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Sierra Magazine
Lay of the Land

Fire Sale | A Plan to Die For | Save the Clunkers | Bikes, Not Bombs

Fire Sale in the Forests

A feel-good timber plan that's bad for public lands.

What could be more American than small-town citizens coming together to solve problems by consensus? In the case of national-forest management, it suggests a refreshing alternative to years of courtroom stalemates. So when residents of the Quincy, California, area met for five years in their local library to pound out a plan to protect their rural environment and economy, you'd think everyone would breathe a sigh of relief. Instead, more than 140 organizations, including the Sierra Club and virtually every other environmental group in California, oppose forest legislation based on the Quincy Library Group's recommendations.

That's because the legislation, which passed the House in July and at press time was steaming through the Senate, would double the amount of logging on one-third of national-forest lands in the Sierra Nevada in the name of fire prevention-a forest-management theory that has never been tested on a large scale. Even so, the law could be felt well beyond California: the thought of an out-of-court, beyond-the-beltway solution to an intractable national issue is so appealing that it has inspired Representative Bob Smith (R-Ore.) to propose legislation that could bring Quincy-style accelerated logging to other western forests.

The Quincy panel, comprising town leaders, timber-industry representatives, and some local conservationists, conceived of an experimental program that affects a staggering 2.5 million acres of public land spanning five counties in Lassen, Plumas, and Tahoe national forests. To meet its goals of providing a long-term supply of logs to the town's mill (owned by Sierra Pacific Industries, the largest landowner in California) and of reducing the risk of catastrophic fires, the Quincy panel pinned its hopes on thinning the forests.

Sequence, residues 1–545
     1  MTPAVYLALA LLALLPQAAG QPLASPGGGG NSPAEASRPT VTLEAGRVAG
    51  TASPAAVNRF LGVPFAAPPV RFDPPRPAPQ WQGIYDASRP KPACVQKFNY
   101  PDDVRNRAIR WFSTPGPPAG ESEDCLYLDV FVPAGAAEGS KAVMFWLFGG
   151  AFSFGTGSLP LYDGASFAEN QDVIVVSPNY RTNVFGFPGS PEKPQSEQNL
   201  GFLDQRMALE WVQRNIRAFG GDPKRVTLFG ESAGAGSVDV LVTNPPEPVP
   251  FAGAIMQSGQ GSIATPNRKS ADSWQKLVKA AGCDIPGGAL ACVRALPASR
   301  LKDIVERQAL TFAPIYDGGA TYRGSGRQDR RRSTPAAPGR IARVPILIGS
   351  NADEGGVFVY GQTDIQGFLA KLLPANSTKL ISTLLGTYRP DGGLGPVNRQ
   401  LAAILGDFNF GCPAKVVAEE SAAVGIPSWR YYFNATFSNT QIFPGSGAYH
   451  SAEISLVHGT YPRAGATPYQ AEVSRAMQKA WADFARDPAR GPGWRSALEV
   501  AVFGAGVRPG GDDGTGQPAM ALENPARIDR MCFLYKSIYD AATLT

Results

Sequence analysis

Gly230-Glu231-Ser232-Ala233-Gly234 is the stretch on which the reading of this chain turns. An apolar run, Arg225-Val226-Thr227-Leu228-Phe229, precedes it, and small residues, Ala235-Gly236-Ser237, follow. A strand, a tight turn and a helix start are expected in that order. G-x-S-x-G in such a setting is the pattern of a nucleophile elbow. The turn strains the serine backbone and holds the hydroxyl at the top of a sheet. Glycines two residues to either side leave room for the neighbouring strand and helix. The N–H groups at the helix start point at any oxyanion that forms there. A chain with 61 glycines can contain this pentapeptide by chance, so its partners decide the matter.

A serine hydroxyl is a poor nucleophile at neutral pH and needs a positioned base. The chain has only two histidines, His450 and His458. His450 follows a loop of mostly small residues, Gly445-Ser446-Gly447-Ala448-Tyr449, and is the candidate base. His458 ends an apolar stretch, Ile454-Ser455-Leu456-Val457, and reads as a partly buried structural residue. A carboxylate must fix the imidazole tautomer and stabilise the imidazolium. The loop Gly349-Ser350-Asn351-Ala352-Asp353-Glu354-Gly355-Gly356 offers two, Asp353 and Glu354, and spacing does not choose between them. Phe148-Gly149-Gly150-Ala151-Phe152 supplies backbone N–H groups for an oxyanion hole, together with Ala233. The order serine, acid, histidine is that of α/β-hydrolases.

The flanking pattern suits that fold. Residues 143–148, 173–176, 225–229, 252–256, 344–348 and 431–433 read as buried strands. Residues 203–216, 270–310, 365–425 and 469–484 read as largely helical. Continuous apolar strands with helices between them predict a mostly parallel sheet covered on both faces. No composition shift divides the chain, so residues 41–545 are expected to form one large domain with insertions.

Each year during the five years of the Quincy project, up to 70,000 acres of timber will be logged using small clearcuts and quarter-mile-wide "fuel breaks" that will remove as much as 70 percent of the forest canopy in their paths. Whether the program will actually prevent fires is the 2.5-million-acre question. The slash left from thinning operations and the new growth that follows may well be more flammable than the trees that were removed. And many fuel breaks will follow ridgetops, where the chance of fire is lowest. "Is this going to just be linear logging under the guise of protecting the forest?" asks Don Erman, an ecology professor at the University of California at Davis. Erman recently directed a science team as part of the congressionally mandated Sierra Nevada Ecosystem Project. His Sierra study, released in 1996, concludes that what's most important for a healthy forest is more habitat-which means less logging, not more. The U.S. Forest Service itself has significantly scaled back timber contracts in these mountains in recent years to reduce damage to water quality, wildlife, and recreation.

The Quincy plan is "a vast experiment designed by a very small group of people," says Sierra Club Legislative Director Debbie Sease, who testified against the proposed legislation at a Senate Energy and Natural Resources Committee hearing in July. The Sierra Club argues that smaller-scale pilot projects, not wholesale congressional mandates, will be best for forests.